Continued from page 1

Police and U.N. peacekeepers are back on patrol. Crime is more prevalent since the quake, with attacks in camps terrorizing thousands, especially women and girls. However, violence is nowhere near the levels faced when the U.N. troops arrived six years ago.

But little long-term progress has been made. Reconstruction remains a dream.

President Rene Preval works beside the caved-in hulk of the national palace. Homes and stores lie in heaps.

More than 665,700 plastic tarps and 97,000 tents were handed out, but most are now deteriorating. Officials planned to put up 125,000 transitional shelters — not nearly enough for everyone. Only 5,657 have been built. Nearly four times as many still await assembly, shelter officials say.

When materials finally get through customs, there’s no land to place them.

It took more than three months to hold a donors conference at the United Nations. The 26-member international Interim Haiti Reconstruction Commission, headed by former President Bill Clinton and Haitian Prime Minister Jean-Max Bellerive, didn’t convene until last month.

That committee is set to oversee the $5.3 billion pledged internationally for the first two years of Haiti’s reconstruction — money separate from the total spent on humanitarian aid. But only 10 percent of it has been delivered — most as forgiven debt. The rest is mired in bureaucracy and politics of more than 60 countries and organizations that pledged to help.

Everyone bemoans the lack of progress, but Mr. Bellerive said the government needs to proceed with caution so it doesn’t simply replicate the pre-quake slums.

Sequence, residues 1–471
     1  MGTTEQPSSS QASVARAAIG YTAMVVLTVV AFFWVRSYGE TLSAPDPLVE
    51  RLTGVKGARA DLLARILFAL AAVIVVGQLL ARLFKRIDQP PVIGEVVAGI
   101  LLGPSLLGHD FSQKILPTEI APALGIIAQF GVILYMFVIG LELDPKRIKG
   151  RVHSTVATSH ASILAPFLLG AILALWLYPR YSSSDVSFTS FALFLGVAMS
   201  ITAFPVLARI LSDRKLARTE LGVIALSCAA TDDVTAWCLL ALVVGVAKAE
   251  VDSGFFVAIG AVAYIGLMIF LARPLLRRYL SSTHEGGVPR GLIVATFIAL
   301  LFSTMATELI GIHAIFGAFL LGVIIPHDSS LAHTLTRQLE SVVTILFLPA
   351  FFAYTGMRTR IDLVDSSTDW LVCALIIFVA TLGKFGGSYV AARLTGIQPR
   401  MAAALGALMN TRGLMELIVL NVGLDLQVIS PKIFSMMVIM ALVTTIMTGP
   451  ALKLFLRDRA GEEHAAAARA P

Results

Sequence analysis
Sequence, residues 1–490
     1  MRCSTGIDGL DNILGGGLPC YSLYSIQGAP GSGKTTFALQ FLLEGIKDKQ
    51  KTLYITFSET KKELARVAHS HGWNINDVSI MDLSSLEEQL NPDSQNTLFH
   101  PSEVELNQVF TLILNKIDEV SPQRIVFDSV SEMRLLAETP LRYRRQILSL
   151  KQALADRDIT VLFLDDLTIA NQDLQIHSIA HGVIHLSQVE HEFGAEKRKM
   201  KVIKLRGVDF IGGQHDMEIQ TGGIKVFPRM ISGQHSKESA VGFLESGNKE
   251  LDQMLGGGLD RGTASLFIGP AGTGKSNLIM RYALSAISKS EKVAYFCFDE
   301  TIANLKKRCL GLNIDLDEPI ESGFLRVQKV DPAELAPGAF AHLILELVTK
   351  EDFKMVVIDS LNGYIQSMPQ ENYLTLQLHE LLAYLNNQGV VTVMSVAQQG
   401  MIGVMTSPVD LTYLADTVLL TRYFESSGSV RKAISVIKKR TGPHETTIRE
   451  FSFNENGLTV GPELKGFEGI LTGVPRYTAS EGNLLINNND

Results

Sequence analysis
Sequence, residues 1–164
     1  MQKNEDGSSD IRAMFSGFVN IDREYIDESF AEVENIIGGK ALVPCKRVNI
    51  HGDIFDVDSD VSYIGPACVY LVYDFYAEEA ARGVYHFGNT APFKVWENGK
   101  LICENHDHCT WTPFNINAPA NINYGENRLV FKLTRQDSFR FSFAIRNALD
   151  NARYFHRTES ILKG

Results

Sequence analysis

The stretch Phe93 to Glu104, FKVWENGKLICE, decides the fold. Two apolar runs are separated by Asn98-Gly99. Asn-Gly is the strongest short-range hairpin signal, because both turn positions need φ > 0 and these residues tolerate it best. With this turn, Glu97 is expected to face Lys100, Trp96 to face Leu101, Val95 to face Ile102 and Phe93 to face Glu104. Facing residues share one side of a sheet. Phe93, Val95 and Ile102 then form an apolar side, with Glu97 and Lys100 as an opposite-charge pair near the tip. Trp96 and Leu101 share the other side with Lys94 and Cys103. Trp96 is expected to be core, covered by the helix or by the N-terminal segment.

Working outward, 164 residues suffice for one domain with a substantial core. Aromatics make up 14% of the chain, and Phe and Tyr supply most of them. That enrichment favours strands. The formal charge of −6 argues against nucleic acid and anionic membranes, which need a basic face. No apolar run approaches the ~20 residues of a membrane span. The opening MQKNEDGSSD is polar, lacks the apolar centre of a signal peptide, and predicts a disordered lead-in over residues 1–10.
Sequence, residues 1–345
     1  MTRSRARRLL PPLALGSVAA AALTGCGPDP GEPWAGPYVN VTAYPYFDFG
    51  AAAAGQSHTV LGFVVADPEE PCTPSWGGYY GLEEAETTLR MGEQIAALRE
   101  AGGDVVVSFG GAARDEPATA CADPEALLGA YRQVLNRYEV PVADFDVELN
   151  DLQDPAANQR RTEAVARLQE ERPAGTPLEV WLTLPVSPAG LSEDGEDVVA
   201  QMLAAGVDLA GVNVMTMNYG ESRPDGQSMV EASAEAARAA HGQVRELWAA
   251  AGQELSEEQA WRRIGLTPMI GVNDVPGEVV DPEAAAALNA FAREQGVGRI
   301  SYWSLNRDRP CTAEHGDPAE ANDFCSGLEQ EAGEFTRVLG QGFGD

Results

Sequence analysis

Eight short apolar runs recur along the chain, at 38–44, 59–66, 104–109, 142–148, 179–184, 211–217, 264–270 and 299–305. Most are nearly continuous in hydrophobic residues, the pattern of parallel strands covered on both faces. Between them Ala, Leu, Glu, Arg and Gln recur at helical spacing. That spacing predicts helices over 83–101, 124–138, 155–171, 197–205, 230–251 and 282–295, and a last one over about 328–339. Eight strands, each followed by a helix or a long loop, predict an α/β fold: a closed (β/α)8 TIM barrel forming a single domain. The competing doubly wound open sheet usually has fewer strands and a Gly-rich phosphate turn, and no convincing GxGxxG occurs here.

In “the last 30 years there was no planning with any action … no code,” he said. “What we didn’t want to do is launch any demagogic, visible action [just to] prove we are working.”

A few miles from Haiti’s biggest ports and safely past its northernmost slums, Corail-Cesselesse is a blank canvas. On this vast stretch abutting one of the Caribbean’s largest cities, in a country more densely populated than Japan, will rise garment factories, homes, stores and restaurants in one of the country’s first planned communities, the planners say.

Just before a March visit by Mr. Clinton and former President George W. Bush, Mr. Preval said the government was taking over more than 18,500 acres of that land to accommodate thousands of families at risk from the coming floods and hurricanes.

A few hundred acres were picked out for the city’s first, long-awaited relocation camp. The U.N. and U.S. military construction teams flattened and graded the land for deluxe “ShelterBox” tents. About 5,000 residents of the Petionville Club golf course camp, run by actor Sean Penn, were bused in.

Thousands of squatters who could not get access to the “good” camp followed, staking their tarps and poles on its outskirts.

Other big plans for Port-au-Prince are on the drawing board: Rebuild the downtown; spend $100 million to restore the destroyed government center of the Champ de Mars; bring back the cruise ships; hold a design competition for new ministerial buildings, to be “a museum of 21st-century architecture” in the words of government planner Leslie Voltaire.

But if you really want to see the future, Ms. Voltaire said, look north.

Story Continues →